With harmonization being paramount, the United States Patent and Trademark Office and the United States federal courts continue to examine and to rule on claims directed to biotechnological inventions. Among the important United States decisions affecting biotechnology since the last edition are Merck v. Integra (defining the scope of the safe harbor); In re Fisher (applying the requirement of utility to ESTs); SmithKline Beecham v. Apotox (confirming that inherent anticipation does not require any scienter or appreciation requirement); Noelle v. Lederman (setting forth the enablement and written description requirement for antibodies); Rasmusson v. SmithKline Beecham (requiring more than just a right guess to satisfy the credible utility standard); and Phillips v. AWH (examining and clarifying rules for claim construction).
This book again attempts to provide an overview of the jurisdiction of the EPO and the USPTO and United States courts. This time, there also is a Japanese co-author who has contributed an overview over Japanese biotech patent practice. The Japanese contribution indicates that the Japanese practice is more similar to the EPO’s practice than to the US practice, although the written description requirement is now also rather restrictively applied in Japan.
Abstract: It has been commonly argued that software patents threat open source software development. This Opinion first explains the problem, then reviews different suggestions to solve it and finally argues for an approach where patent law would be developed to include exception to cover the concerns of open source developers.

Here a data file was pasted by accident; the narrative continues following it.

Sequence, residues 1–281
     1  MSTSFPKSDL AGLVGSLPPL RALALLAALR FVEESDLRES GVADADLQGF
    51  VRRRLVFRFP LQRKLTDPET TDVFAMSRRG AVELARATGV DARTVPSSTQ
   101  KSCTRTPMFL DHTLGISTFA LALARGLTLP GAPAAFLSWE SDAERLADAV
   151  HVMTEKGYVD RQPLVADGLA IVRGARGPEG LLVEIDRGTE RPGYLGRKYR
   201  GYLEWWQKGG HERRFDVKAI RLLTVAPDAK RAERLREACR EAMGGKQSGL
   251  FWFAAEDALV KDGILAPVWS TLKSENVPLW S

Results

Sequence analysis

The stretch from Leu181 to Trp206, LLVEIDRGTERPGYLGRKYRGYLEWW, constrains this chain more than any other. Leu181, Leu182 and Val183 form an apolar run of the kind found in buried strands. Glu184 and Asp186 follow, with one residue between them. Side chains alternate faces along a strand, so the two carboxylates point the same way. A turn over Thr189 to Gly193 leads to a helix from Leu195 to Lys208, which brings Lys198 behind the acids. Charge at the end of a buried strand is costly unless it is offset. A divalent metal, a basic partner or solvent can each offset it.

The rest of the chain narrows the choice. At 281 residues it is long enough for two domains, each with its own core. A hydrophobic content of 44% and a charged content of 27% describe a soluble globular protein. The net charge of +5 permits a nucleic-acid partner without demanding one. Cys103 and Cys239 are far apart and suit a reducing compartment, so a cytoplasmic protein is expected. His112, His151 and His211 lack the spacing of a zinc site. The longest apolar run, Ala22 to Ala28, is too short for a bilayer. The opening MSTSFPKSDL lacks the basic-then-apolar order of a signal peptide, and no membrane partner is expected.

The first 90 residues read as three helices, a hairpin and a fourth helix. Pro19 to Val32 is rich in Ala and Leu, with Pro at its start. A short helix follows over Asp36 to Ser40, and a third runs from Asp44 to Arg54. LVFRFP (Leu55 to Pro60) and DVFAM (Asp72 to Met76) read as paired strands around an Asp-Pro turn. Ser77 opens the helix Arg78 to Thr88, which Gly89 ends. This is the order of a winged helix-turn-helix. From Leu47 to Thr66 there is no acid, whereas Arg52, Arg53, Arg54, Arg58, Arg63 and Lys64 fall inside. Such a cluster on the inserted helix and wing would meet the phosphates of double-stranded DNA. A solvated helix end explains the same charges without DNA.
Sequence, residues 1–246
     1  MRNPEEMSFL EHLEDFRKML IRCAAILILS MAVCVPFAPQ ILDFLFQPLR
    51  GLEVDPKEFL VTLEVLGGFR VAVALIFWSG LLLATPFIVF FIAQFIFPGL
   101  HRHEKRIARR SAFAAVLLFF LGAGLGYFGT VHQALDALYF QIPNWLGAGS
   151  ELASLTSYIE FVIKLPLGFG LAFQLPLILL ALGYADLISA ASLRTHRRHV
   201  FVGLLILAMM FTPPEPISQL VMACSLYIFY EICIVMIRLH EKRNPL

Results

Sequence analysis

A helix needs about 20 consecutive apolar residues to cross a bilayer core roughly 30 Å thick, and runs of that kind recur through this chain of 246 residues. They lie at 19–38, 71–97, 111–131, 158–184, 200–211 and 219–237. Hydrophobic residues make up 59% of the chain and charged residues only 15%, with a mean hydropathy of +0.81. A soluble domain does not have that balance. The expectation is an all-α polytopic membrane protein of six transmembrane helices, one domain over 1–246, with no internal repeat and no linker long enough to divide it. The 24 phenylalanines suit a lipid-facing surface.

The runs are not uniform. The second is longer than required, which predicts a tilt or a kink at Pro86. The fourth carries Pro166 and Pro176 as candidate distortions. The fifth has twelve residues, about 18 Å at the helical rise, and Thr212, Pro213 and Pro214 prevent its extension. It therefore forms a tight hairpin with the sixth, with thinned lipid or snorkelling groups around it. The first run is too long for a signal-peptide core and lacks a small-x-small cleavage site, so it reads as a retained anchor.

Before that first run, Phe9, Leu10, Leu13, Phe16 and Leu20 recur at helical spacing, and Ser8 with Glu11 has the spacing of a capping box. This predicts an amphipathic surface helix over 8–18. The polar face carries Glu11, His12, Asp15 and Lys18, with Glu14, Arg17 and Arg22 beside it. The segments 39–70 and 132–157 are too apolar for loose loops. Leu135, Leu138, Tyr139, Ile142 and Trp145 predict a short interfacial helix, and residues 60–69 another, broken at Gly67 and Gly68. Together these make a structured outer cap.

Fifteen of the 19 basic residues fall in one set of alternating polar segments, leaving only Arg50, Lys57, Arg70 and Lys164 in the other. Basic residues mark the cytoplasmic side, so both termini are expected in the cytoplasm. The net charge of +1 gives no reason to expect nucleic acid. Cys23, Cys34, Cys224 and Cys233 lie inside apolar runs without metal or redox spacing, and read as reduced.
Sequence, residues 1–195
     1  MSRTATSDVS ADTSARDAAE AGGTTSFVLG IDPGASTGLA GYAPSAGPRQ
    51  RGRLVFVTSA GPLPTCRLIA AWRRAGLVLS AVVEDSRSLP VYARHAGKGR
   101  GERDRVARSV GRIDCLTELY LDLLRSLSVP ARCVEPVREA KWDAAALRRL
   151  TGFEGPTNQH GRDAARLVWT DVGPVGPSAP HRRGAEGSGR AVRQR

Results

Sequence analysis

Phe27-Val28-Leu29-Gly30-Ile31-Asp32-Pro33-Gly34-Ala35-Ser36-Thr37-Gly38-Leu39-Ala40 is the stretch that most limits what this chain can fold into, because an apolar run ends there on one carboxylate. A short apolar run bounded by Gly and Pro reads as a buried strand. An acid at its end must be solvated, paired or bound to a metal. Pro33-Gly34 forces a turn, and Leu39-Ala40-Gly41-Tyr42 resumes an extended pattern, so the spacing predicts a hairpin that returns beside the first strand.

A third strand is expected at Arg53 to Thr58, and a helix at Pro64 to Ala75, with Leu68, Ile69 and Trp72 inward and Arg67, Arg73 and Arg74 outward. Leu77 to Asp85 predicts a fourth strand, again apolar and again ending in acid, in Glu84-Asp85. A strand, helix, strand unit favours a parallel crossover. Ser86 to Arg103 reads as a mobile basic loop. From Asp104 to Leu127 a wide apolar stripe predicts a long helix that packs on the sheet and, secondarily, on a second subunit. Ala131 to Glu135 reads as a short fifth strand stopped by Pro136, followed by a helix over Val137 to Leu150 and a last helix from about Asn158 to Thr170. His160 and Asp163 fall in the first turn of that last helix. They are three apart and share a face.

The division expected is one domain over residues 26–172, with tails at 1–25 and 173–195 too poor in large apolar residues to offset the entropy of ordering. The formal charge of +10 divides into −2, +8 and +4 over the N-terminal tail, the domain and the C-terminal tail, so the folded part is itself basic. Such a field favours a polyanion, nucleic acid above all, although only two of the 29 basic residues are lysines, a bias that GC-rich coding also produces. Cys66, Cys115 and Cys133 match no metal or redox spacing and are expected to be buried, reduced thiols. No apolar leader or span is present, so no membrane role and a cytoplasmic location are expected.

Abstract: De ontwikkeling van software moetje vergelijken met het creatieve proces van het schrijven van een boek, niet met het onderzoek naar nieuwe medicijnen. Het patenteren van software is dan ook geen goed idee, betogen Johanna Boogerd en Lousewies van der laan.
Dit onderwerp blijft opvallend onbelicht vanuit de wetenschappelijke literatuur. Veel neutrale beschouwingen die merkenrecht uitleggen en praktische invulling geven, maar vrijwel geen kritische reflectie.
N.B. omdat deze thema's vaak heel specifieke standpunten bevatten is het lastig om er echt wetenschappelijke onderbouwing voor te vinden, en kom je eerder bij algemene vakbladen uit (bijvoorbeeld ComputerTotaal of PC Active). Deze kan ik vaak niet inzien en het is voor mij dus onmogelijk om deze artikelen op waarde te schatten. In principe kunnen we ze gerust gebruiken, maar garanties zijn hierover echt niet te geven.
Index on Censorship (http://ioc.sagepub.com/) is een tijdschrift wat al 40 jaar over dit onderwerp publiceert. Volume 36 (2007) Issue 4 is speciaal toegericht op censuur / vrijheid op het internet.
Abstract: Does the exponential growth of the Internet really mark a revolution in human interaction and communication, providing truly democratic access to information and ideas? Or, compounded by a growing number of competing interests now arguing for the introduction of more rigorous controls, will the full potential of the Internet fail to be recognised?
Liberating Cyberspace is the first volume to assess the impact of the Internet on our basic civil rights. Addressing the key questions, contributors from Britain and the United States examine a range of topics, from copyright and encryption to free speech, privacy and freedom of information. A series of critical case studies considers the potential of the Internet for promoting international women's rights, its the role in the McLibel trial, and to what extent the Internet can or should create new copyright and property laws of its own. Controversial and topical, Liberating Cyberspace sheds valuable new light on some of the fundamental issues of modern global communication.